Teaching Paganism

Happy Beltane to those who celebrate it!

Today I’m going to slip back into the old routine and have a little chat about Paganism.

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Recently someone who I went to school with got in touch with me to ask about Paganism. We never really spoke to each other in school, so it was a bit of a shock when he popped up in my inbox. I’ll admit that I was a bit hostile at first as I associated him with the crowd who used to bully me and so suspected an ulterior motive.

Talking to him about Paganism made me think about a lot of things, it was an interesting experience but I also found it very frustrating!

It seemed a lot like he couldn’t grasp the attitude that I had towards my faith. He asked me how you could ‘qualify’ as a Druid, what benefits that qualification would give you, how long you had to study for. My answers of ‘it depends’, ‘none’ and ‘a lifetime’ seemed to fly straight over his head.

He asked me why I decided to become Pagan… I mean, how was I supposed to answer that?! I didn’t ‘decide’ to become Pagan. I’ve always had the beliefs that I have now, but when I was eleven I heard about Paganism and realised that it described my beliefs. From then on I referred to myself as a Pagan. I didn’t wake up one morning and decide to start believing in the Gods.

Yes, to some extent I decided to start actively practising my faith using ritual and meditation etc, but he didn’t seem to understand that when I explained it to him.

I tried very hard to be patient and understanding, he’ll go one way or the other with his quest for spiritual self-knowledge. He’ll either gradually understand what I’ve been trying to explain to him, or he won’t. I’m sure that I asked questions like he asked me I was first starting out. Some of the bigger concepts of faith come only with age and wisdom.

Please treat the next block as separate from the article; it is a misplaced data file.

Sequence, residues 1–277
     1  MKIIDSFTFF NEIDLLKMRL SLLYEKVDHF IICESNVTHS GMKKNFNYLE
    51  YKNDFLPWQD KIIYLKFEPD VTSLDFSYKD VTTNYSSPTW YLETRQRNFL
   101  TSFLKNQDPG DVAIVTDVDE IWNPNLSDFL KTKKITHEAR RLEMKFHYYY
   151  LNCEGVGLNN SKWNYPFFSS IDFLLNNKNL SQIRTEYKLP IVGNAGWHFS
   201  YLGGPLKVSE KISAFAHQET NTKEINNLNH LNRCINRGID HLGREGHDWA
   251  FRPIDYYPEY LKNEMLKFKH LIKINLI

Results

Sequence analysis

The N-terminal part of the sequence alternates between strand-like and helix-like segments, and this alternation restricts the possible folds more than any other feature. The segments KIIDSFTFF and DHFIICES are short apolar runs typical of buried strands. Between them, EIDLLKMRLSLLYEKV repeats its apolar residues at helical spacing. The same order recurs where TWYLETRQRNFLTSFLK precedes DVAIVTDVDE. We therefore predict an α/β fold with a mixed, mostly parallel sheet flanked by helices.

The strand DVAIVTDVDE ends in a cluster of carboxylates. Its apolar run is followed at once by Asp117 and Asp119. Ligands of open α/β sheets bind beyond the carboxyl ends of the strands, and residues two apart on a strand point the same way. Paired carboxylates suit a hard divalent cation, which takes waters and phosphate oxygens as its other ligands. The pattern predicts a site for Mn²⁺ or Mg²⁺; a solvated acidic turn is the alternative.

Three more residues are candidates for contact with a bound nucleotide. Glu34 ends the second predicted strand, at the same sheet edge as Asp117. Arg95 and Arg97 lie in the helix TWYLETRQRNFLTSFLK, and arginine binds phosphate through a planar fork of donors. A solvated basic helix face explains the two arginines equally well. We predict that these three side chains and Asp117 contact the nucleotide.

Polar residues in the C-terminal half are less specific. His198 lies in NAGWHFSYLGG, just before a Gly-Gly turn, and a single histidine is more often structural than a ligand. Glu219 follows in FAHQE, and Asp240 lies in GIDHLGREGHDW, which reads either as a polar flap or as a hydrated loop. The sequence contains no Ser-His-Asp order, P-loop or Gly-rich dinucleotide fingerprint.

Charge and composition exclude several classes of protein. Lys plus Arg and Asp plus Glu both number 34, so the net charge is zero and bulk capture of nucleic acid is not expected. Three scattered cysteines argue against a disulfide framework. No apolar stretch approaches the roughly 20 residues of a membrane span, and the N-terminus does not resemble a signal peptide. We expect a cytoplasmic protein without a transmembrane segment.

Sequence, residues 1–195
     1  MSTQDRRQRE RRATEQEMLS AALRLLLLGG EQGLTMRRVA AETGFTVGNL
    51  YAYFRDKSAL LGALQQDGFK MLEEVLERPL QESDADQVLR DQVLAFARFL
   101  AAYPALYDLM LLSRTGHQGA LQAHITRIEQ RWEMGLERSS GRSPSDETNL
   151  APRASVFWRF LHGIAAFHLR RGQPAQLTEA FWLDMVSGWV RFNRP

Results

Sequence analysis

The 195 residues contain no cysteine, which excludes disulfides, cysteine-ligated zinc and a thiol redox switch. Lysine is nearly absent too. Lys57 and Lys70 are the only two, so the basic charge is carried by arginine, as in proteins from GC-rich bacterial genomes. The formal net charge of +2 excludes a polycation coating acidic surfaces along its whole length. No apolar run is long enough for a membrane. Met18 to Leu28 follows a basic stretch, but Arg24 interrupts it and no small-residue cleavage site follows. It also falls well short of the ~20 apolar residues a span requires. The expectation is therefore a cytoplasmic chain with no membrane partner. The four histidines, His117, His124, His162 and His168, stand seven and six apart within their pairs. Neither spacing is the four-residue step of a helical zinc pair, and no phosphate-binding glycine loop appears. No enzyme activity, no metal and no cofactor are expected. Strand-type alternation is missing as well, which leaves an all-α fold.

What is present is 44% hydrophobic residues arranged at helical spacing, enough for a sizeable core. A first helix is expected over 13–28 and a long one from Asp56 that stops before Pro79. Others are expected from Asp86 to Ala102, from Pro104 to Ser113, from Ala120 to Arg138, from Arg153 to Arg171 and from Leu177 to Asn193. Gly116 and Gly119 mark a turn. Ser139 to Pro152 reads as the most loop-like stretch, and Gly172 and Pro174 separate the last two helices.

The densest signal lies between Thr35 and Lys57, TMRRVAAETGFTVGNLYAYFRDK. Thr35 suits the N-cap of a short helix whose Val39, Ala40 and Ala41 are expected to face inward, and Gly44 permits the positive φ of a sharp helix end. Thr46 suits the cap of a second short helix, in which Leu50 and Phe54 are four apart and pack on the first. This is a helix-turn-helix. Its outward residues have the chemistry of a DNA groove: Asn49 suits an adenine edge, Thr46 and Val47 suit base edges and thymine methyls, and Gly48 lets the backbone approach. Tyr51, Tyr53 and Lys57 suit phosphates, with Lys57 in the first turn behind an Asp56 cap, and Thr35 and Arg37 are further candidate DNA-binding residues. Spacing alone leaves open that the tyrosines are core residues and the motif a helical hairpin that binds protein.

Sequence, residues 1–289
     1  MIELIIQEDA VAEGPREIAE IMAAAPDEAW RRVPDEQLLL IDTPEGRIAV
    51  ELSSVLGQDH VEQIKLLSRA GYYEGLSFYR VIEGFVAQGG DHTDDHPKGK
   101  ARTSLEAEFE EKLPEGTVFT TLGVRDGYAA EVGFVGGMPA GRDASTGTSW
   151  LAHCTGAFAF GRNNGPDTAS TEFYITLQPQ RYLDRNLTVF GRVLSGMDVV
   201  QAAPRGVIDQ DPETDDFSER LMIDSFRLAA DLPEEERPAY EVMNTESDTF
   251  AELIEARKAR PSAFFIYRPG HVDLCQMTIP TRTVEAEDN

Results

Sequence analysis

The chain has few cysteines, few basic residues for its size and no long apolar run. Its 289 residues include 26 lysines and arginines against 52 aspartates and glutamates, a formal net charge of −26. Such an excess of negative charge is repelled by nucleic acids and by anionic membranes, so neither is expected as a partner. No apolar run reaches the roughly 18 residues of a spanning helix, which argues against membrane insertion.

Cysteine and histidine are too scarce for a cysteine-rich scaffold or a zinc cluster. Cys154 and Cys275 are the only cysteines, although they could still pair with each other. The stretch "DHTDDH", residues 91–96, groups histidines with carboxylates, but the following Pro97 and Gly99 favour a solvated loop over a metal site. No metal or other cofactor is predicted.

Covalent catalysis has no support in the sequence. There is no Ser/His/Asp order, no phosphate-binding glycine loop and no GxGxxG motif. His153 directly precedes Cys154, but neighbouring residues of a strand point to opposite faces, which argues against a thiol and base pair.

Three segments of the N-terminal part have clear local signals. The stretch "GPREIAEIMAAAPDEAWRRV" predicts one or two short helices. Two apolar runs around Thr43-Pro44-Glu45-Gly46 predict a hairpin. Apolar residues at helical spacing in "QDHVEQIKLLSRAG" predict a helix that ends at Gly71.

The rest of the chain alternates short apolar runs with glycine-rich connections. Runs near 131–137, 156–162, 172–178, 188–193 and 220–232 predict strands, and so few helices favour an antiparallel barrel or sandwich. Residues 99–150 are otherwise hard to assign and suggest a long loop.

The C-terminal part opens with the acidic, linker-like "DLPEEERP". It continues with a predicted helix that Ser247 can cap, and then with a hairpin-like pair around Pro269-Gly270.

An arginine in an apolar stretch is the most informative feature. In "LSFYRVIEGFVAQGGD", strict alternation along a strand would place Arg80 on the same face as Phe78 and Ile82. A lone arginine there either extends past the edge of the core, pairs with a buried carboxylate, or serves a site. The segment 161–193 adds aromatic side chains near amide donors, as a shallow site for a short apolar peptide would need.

I don’t refer to myself as a ‘Druid’ because I don’t feel that I’ve earned that title. It’s a personal choice and maybe one day I’ll feel ready to use that term… but not now.

Faith, especially Paganism, is not about exams or titles. It’s about wisdom and life; I will never stop learning and growing, even when I’m an old woman I still want to be learning new things. My Pagan path doesn’t end when I pass some exam, or do a course. It goes on and on, even past my physical death.

I want to dedicate the rest of my life to learning about the Gods and my faith. Every day I grow older and wiser, life experience gives me intellectual and spiritual riches that can’t be rushed. In the modern world everything has a time limit, everything has to be obviously beneficial; we are shocked that the Druids used to take up to twenty years to train their pupils.

The way I see my faith is that I will never stop training or being a pupil… and I don’t want to. The moment I think I know everything is the moment I have nothing left to fight for.

I really enjoyed talking to someone about my faith, it made me see how much I’ve matured in the last nine years (yeah, it’s been nine years since I started calling myself a Pagan; isn’t that scary?) and how I can understand my faith on a deeper level than I could have ever imagined.

Time and life experience are invaluable; I gave the guy that I was talking to as much help as I could, but now it’s down to him to make mistakes and learn the hard lessons.

… And I’m definitely not in the running for the ‘teacher of the year’ award…

Blessings,

Wren x

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